Interviews for Western Cape judges continue with judge Hlophe among panellists

Western Cape judge president John Hlophe is taking part in the interviews for Western Cape judges, despite resistance from some legal bodies. File image.
Western Cape judge president John Hlophe is taking part in the interviews for Western Cape judges, despite resistance from some legal bodies. File image.
Image: Trevor Samson

Interviews for Western Cape judges continued before the Judicial Service Commission (JSC) on Friday with embattled judge president John Hlophe taking his seat as one of the commissioners.

His participation in the interviews has been met with great resistance. Until the 11th hour, some bodies, including Freedom Under Law (FUL), were calling for Hlophe, whose character was tainted by allegations of gross misconduct, to be excluded from the proceedings.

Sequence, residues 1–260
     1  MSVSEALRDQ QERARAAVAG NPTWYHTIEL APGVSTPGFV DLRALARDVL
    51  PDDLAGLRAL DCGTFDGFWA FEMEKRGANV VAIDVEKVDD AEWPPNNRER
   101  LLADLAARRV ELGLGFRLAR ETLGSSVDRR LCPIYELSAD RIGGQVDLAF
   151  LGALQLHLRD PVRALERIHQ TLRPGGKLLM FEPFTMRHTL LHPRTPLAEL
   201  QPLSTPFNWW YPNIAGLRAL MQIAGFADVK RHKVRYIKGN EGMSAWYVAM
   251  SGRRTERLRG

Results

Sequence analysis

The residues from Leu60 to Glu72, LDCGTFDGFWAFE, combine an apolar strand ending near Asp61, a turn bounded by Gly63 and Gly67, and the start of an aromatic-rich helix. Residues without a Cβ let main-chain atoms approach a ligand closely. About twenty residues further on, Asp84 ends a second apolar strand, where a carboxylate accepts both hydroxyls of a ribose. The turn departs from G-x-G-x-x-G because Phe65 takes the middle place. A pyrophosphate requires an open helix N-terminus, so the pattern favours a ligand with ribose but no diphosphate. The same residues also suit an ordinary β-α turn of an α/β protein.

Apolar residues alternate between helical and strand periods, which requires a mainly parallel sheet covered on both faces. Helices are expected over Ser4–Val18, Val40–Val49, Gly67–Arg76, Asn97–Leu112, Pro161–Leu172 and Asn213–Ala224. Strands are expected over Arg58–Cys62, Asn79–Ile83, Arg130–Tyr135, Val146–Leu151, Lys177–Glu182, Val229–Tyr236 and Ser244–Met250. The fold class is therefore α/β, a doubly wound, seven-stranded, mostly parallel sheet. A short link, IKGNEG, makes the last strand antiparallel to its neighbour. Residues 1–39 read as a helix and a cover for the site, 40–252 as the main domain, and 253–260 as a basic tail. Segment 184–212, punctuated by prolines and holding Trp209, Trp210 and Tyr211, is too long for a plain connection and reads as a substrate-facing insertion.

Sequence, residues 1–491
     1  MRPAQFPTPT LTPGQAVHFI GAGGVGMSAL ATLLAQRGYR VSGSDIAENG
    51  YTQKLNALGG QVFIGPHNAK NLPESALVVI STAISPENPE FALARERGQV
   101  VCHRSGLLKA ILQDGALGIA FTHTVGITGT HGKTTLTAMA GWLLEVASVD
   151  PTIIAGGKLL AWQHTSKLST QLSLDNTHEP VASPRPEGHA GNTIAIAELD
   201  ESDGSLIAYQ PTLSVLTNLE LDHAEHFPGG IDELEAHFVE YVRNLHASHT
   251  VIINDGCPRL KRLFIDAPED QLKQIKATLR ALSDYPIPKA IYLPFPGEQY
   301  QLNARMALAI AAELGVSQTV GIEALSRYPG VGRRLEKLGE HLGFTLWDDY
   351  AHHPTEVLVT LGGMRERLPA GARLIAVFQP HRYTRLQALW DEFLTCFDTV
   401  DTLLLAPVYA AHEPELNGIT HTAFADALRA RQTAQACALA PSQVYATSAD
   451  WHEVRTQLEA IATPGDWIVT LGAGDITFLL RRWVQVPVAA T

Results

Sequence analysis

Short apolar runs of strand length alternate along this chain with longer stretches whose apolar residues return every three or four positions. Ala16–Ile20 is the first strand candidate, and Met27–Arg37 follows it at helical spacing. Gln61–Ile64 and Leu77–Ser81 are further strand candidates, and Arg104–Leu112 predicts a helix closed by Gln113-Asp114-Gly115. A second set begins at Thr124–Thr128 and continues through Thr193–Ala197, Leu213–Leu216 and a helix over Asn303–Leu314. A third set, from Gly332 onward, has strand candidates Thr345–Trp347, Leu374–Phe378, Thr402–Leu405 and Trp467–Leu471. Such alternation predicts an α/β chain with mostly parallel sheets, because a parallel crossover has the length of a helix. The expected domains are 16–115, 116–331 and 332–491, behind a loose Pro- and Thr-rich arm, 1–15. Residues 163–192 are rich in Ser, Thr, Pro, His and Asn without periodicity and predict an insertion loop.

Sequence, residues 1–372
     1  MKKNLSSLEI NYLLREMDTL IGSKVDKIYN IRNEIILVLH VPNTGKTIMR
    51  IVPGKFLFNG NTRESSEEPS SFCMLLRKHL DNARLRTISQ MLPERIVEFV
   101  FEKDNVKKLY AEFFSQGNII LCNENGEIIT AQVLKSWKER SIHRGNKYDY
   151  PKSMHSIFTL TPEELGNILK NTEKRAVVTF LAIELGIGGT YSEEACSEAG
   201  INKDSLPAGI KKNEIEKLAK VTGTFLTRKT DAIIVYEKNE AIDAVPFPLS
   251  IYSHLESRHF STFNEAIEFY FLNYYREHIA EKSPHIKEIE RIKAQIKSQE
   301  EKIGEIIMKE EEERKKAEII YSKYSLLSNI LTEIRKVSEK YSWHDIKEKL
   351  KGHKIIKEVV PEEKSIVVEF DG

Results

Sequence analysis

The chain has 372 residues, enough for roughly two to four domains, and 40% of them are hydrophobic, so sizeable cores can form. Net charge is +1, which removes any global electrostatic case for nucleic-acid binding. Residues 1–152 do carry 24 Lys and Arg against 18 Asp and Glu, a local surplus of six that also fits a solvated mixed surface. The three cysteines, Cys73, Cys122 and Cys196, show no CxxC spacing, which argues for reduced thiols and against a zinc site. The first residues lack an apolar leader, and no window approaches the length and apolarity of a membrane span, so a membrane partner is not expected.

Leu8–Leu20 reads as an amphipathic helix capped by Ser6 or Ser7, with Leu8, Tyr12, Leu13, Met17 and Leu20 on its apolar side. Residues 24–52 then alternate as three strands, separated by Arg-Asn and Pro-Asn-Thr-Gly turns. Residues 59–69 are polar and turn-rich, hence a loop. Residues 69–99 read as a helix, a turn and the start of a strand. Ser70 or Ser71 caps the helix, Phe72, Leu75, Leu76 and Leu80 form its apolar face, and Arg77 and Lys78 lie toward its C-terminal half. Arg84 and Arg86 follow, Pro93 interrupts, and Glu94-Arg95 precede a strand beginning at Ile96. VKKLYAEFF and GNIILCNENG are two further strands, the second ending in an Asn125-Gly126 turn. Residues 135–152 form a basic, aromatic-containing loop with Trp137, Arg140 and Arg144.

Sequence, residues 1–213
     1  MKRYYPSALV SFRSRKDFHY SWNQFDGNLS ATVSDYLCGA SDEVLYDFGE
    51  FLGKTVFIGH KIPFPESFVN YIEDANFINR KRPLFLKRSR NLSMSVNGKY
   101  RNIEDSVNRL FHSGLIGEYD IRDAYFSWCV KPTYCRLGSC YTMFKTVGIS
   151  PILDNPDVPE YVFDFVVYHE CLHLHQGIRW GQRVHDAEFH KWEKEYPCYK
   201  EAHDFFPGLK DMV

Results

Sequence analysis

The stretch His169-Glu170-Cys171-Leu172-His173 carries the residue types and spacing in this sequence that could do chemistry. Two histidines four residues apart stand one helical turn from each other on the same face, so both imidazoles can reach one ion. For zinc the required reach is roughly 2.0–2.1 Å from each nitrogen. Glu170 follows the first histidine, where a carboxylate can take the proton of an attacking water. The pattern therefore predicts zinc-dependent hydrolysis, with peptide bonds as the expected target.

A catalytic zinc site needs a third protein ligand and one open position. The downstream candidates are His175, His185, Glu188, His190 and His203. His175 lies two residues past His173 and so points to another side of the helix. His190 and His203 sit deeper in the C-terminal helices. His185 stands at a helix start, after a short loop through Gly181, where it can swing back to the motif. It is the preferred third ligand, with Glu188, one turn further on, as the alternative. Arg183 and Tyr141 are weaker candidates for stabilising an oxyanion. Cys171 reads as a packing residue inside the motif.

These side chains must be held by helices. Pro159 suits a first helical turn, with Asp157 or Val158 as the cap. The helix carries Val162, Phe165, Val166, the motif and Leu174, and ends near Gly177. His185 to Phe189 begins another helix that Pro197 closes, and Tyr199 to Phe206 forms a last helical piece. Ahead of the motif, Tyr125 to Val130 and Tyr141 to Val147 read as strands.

Last week, the Judicial Conduct Tribunal found Hlophe guilty of this charge, saying he had tried to influence two Constitutional Court judges in cases related to former president Jacob Zuma. Hlophe said he intends to challenge the tribunal’s findings.

As the findings are yet to be confirmed by the JSC, which has scheduled to meet and discuss this on June 4, Hlophe has kept his seat as the head of the Western Cape division.

On Thursday FUL submitted a letter to the JSC, saying: “The [tribunal] findings are of the most serious character and go to the very heart of the independence of the judiciary in terms of the constitution.

“It is difficult to envisage a graver situation in the context of a judge.”

FUL criticised the JSC for having taken no steps yet to address the consequences of the tribunal decision, including confirming the decision, referring the matter to the National Assembly and recommending to the president that Hlophe be suspended.

“It is a product of the JSC’s failure to fulfil its last-mentioned constitutional obligation to advise the president which has now resulted in judge president Hlophe’s continued participation in the JSC’s processes,” it said.

The JSC, however, had previously expressed the view that there was no legal reason to suspend his participation and said it was impractical to delay or postpone the proceedings. 

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